Journal of Academic Perspectives
Journal of Academic Perspectives

Volume 2018 no 3

Giving the People a ‘Fighting Chance’: The Discourse and Ideology of Senator Elizabeth Warren

Molly Mayhead, Western Oregon University, US

Giving the People a ‘Fighting Chance’: The Discourse and Ideology of Senator Elizabeth Warren
Framed within the perspectives of feminist standpoint theory and Walter Fisher’s narrative paradigm, this article offers an analysis of Warren’s autobiography and select public statements. It evaluates the relationship between her personal lived experiences and the public political causes she advocates. The work will demonstrate the importance of autobiographies in explaining an individual’s ideology as well as providing justification for political action. Elizabeth Warren’s autobiography not only underscores an understanding of the link between the personal and political, but it also serves as a clarion call to future generations of women to lead.
Mayhead M.pdf
Adobe Acrobat document [409.7 KB]

Contextual Engineering To Address Preservation Of Rural Societies 

Ann-Perry Witmer, University Of Illinois At Urbana-Champaign, US

Contextual Engineering To Address Preservation Of Rural Societies
Lack of infrastructure to meet basic life needs has been identified as a significant driver for rural youth to leave their indigenous identities and knowledge so that they may seek opportunity in cities, and global trends toward urban migration signal a significant threat to preservation of placebased values, beliefs and skills. Large development agencies attempt to address basic needs such as sanitary drinking water, improved sanitation, and safe transportation modes, but economic optimization frequently drives them to focus on serving population centers, leaving rural communities further and further behind. Filling the infrastructure gap are less resourced, sometimes inadequately trained, and often special-interest organizations seeking to promote agendas or follow practices that may con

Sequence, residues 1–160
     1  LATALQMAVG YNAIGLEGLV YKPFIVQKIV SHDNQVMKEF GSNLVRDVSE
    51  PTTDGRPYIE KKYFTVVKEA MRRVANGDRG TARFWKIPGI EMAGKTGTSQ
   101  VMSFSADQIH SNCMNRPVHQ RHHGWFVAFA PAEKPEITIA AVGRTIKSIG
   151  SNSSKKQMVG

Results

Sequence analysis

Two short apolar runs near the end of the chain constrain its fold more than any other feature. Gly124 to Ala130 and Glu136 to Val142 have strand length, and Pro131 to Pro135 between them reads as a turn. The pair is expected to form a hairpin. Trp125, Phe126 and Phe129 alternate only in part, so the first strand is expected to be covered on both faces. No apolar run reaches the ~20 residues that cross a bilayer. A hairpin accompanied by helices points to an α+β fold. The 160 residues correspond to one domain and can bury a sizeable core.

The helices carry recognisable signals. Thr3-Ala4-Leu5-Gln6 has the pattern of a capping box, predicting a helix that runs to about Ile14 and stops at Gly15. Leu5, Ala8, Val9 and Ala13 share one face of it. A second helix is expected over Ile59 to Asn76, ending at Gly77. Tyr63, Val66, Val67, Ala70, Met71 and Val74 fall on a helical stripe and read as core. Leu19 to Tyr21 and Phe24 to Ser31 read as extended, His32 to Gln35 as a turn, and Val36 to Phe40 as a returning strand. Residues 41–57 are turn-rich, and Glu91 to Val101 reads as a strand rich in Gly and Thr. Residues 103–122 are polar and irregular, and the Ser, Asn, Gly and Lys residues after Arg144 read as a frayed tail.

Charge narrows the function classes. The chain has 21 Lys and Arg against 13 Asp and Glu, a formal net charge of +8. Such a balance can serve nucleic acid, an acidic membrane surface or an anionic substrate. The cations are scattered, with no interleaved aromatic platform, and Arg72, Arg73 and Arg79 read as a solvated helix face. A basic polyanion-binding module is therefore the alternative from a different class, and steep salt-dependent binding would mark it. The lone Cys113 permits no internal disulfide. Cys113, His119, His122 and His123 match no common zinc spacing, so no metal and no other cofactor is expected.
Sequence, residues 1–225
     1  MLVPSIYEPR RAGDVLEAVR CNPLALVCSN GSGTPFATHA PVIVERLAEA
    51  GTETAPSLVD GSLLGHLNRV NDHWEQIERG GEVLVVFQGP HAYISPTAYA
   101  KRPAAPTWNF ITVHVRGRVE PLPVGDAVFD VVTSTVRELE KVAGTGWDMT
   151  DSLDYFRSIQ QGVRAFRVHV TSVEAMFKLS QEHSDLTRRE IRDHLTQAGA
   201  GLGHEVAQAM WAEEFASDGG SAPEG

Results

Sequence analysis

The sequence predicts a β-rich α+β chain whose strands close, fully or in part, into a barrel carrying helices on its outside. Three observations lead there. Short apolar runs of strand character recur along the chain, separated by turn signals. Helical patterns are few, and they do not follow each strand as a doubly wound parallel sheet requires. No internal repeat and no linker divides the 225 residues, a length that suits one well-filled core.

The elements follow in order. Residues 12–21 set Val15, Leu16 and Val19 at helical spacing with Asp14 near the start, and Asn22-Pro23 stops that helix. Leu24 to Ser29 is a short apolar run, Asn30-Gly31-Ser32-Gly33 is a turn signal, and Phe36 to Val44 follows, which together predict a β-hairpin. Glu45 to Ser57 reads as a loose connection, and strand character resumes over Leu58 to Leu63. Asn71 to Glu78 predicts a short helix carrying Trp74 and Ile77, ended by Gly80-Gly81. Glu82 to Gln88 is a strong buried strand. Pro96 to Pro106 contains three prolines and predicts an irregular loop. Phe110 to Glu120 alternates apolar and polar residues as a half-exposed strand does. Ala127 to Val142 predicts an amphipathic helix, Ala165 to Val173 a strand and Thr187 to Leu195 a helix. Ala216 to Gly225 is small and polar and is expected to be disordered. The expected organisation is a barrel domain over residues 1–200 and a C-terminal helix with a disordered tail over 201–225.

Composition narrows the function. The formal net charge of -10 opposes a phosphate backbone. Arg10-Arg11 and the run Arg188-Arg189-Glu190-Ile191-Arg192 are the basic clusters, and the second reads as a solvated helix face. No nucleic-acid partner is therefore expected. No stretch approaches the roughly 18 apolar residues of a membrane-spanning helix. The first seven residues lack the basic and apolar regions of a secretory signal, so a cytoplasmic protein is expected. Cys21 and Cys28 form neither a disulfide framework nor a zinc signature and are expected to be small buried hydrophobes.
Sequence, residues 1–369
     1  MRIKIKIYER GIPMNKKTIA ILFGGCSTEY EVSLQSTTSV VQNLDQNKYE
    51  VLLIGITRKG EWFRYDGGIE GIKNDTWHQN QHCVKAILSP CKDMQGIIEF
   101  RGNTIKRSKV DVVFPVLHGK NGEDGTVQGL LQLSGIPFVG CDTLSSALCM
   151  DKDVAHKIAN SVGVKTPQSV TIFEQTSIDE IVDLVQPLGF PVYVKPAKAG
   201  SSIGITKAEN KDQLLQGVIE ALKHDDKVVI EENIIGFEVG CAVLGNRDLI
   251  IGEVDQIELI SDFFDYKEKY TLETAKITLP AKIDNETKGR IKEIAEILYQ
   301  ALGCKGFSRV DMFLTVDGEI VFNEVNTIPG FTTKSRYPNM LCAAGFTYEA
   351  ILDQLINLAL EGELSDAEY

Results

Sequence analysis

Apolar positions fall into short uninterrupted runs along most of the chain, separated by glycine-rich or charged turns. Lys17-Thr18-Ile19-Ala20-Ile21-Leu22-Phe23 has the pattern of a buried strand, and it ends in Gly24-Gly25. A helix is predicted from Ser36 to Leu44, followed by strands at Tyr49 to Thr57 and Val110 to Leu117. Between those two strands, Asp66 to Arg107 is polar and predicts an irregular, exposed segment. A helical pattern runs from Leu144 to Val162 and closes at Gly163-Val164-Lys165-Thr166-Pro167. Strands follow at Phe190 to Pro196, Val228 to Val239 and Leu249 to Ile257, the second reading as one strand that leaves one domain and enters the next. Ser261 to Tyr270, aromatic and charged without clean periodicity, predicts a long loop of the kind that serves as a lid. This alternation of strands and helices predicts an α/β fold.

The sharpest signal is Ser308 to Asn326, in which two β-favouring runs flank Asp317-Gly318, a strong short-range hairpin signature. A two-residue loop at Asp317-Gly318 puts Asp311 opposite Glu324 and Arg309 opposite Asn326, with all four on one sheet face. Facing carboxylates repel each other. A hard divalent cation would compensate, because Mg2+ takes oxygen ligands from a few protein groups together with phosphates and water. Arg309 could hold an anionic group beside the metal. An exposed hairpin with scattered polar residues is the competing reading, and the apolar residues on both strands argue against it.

Witmer.pdf
Adobe Acrobat document [231.4 KB]

What is Catholic Social Innovation?

Tiziana C. Dearing, Samantha Allen, Bethany Schmidt & Maria De Las Nieves Edwards Cosmelli, Boston College School of Social Work, US

What is Catholic Social Innovation?
In 2017, a team at Boston College School of Social Work’s Center for Social Innovation conducted research for Foundations and Donors Interested in Catholic Activities (FADICA) that sought to create a working definition of Catholic social innovation, catalogue it in action in response to the global refugee and migrant crisis, and complete write-ups on several dozen Catholic-led and Catholic sister-led Catholic social innovations. FADICA released a public report based on the research in early 2018. This paper describes that research and offers a working definition of Catholic social innovation. The Catholic social innovation research examined socially innovative Catholic-led, and secular programmatic responses to the refugee and migrant crisis in 35 countries with above average flows of m
Dearing.pdf
Adobe Acrobat document [422.9 KB]

Anti-Semitism—The Unintended Consequence of the Development of Augustine’s Thinking About Human Free Will

Douglas Furth, Yale Divinity School, US